Playing It Safe With Sharps
One nurse's perspective on some of the most impactful ways to avoid sharps injuries and
improve safety in the operating room.
Surgical Products talked with Bryan Webb, RN, about sharps injuries, their consequences, and what can be done to limit incidents and
improve staff and patient safety. process.
SP: Generally speaking, how
prevalent are sharps injuries in
the OR today? Is this an issue
you believe is on the rise or on
Webb: First of all, it happens a lot. Available
information is being gathered, but when we
talk about reporting needle sticks and sharps
injuries, many aren't reported. It’s happening on
a daily basis in every facility, in a lot of different
departments, and the OR is being impacted a lot
more because we’re around so many sharp pieces of equipment and patients.
It’s jumping up a lot. You have to realize as the population gets larger and
more people need surgery, the more opportunity there is for exposure. But on
a daily basis, it is happening all the time.
Before I was double-gloving, oftentimes I’d take my gloves off and see blood
on my hands. I would not know if I stuck myself and didn’t feel it or there was a
micro-hole in my glove. However, I’d see blood on my hands after a surgical case.
So I know it’s happening from personal experience, and certainly it’s increasing.
Bryan Webb, RN
SP: What are some of the misconceptions out there
that are putting hospital personnel at risk?
Webb: There are a lot of things that can contribute to it. Single-gloving versus double-gloving is one of the most important factors. Even for me, I wasn’t
strongly aware about double-gloving until truly a few years ago. I think there
are so many people that are so resistant to doing that and making that change,
that they are missing out on the vital piece of safety equipment. There are also
other factors that come into play, especially with the cost of staff and having to
use employees for more than eight hours. Fatigue has to be considered The less
attentive you are to minute details, the more you get tired. When you start talking about handling needles and knife blades when you are tired, the chances do
SP: What are some of the obvious and not-so-obvi-
ous consequences of these injuries?
Webb: There’s a lot of talk about HIV and hepatitis because that’s a serious
issue with a lot of patients. I think people presume if they have a hepatitis C vaccination they’ve been vaccinated for it. Well, the problem with that is it doesn’t
always take in some people, and there is a definite need for occasional boosters.
So people think they have immunity, but they don’t.
Also, people make assumptions about patients just by looking at them. They
think nothing is wrong just because it looks like nothing is wrong. That person
could potentially have something.
As healthcare workers, we rely on the data we receive about a patient.
However, that doesn’t necessarily mean it is true. Unfortunately, some people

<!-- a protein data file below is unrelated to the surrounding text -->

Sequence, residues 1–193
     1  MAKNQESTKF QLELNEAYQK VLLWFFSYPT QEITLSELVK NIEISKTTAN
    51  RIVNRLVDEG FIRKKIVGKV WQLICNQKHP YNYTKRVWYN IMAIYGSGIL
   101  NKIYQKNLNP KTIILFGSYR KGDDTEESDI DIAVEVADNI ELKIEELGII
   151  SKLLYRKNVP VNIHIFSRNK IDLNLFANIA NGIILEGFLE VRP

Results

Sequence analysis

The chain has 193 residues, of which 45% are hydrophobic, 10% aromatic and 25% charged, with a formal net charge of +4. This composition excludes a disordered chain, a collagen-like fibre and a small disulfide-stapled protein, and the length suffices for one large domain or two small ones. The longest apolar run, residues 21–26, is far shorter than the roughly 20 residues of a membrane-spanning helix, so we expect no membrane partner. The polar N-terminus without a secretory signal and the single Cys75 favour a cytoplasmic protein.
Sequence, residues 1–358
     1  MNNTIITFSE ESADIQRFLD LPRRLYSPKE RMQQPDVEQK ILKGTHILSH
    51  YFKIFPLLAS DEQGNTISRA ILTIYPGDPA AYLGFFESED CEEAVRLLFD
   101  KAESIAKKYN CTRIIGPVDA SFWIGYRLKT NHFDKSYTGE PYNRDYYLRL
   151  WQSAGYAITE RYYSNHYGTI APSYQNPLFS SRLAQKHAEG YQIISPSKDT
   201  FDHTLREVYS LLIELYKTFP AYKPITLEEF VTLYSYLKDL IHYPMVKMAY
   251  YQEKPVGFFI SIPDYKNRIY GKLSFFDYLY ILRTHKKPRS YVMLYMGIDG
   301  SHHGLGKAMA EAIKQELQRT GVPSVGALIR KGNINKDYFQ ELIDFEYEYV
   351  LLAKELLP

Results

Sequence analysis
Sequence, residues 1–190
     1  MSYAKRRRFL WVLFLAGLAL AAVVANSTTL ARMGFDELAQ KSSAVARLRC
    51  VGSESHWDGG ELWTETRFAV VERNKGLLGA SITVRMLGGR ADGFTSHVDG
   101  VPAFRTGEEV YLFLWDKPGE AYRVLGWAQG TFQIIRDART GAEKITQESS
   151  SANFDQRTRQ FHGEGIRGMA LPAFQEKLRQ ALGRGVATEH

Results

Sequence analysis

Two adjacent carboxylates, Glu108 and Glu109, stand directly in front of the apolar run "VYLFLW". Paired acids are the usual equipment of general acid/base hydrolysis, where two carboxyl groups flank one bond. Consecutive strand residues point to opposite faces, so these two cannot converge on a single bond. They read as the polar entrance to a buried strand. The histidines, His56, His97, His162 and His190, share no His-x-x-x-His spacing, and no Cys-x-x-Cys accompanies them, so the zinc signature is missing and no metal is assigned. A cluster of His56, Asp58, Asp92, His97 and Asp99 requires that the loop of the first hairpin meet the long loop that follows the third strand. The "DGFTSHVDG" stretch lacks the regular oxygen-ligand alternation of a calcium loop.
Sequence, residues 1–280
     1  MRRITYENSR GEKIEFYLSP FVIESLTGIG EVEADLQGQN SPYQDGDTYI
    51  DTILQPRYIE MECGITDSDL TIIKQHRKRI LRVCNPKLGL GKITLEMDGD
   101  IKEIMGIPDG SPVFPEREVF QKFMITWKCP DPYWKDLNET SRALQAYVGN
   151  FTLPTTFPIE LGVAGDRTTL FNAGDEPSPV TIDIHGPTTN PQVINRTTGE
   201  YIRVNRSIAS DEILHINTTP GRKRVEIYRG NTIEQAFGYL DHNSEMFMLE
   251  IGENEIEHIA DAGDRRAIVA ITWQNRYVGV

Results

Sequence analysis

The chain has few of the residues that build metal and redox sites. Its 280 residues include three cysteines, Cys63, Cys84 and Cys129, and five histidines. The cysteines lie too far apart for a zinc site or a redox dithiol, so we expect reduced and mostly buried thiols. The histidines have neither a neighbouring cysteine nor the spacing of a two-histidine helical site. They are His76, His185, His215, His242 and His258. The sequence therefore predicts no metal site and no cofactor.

aren’t honest and they don’t tell us they are infected, or they don’t know they are
infected. They look healthy, act healthy, and don’t think anything’s going wrong.
We presume they are fine, but something is underlying and we just don’t know.
SP: You mentioned double-gloving as one way to
prevent or limit the chances of these types of injuries.
What are some other good measures to keep in mind?
Webb: What I’ve found to be very helpful is to create a neutral zone. A hospital I used to work at provided us disposable towels that were white instead
of blue. Anything that was loaded and sharp, they had to stay on the white
portion. so there was always constant awareness of exactly where the sharps
were. That way we didn’t make those types of mistakes.
I’ve also seen places that use a small emesis basin, and the knife or suture is
set in there. It’s then handed over to the surgeon, who reaches in and takes it
out himself or herself.
There are great ideas out there, and regardless of whatever ones you are
choosing, doing something to make people be more aware of what they are
doing, is extremely helpful.
SP: What’s holding some facilities and staff back
from embracing more effective methods?
Webb: I think a lot of different things can come into play here. There’s staff
education, and there’s also enforcement.
I think one of the most impactful ways to get the staff is to tell or show
them how easy it is to contract something if you are
exposed, and why it’s so
important to take measures
to avoid it. Education is
huge, as is having staff members onboard and willing to
enforce the rules. That can
When we talk about
double-gloving, that’s an
Unfortunately, we don’t see
a lot of facilities enforce that
as a rule in the operating
room. Part of this is the old adage, “This is the way I’ve always done it.” But
when we talk to people who have been around for awhile who are used to
wearing one pair of gloves, they don’t want to make a change. They may not
like the way it feels, or it’s too thick, or they suddenly can’t sense anything
with their fingertips. They come up with reasons why it isn’t effective for
them, even if those reasons can be disproven.
It’s just about resistance. And I think people resist because they don’t want
it to affect what they do.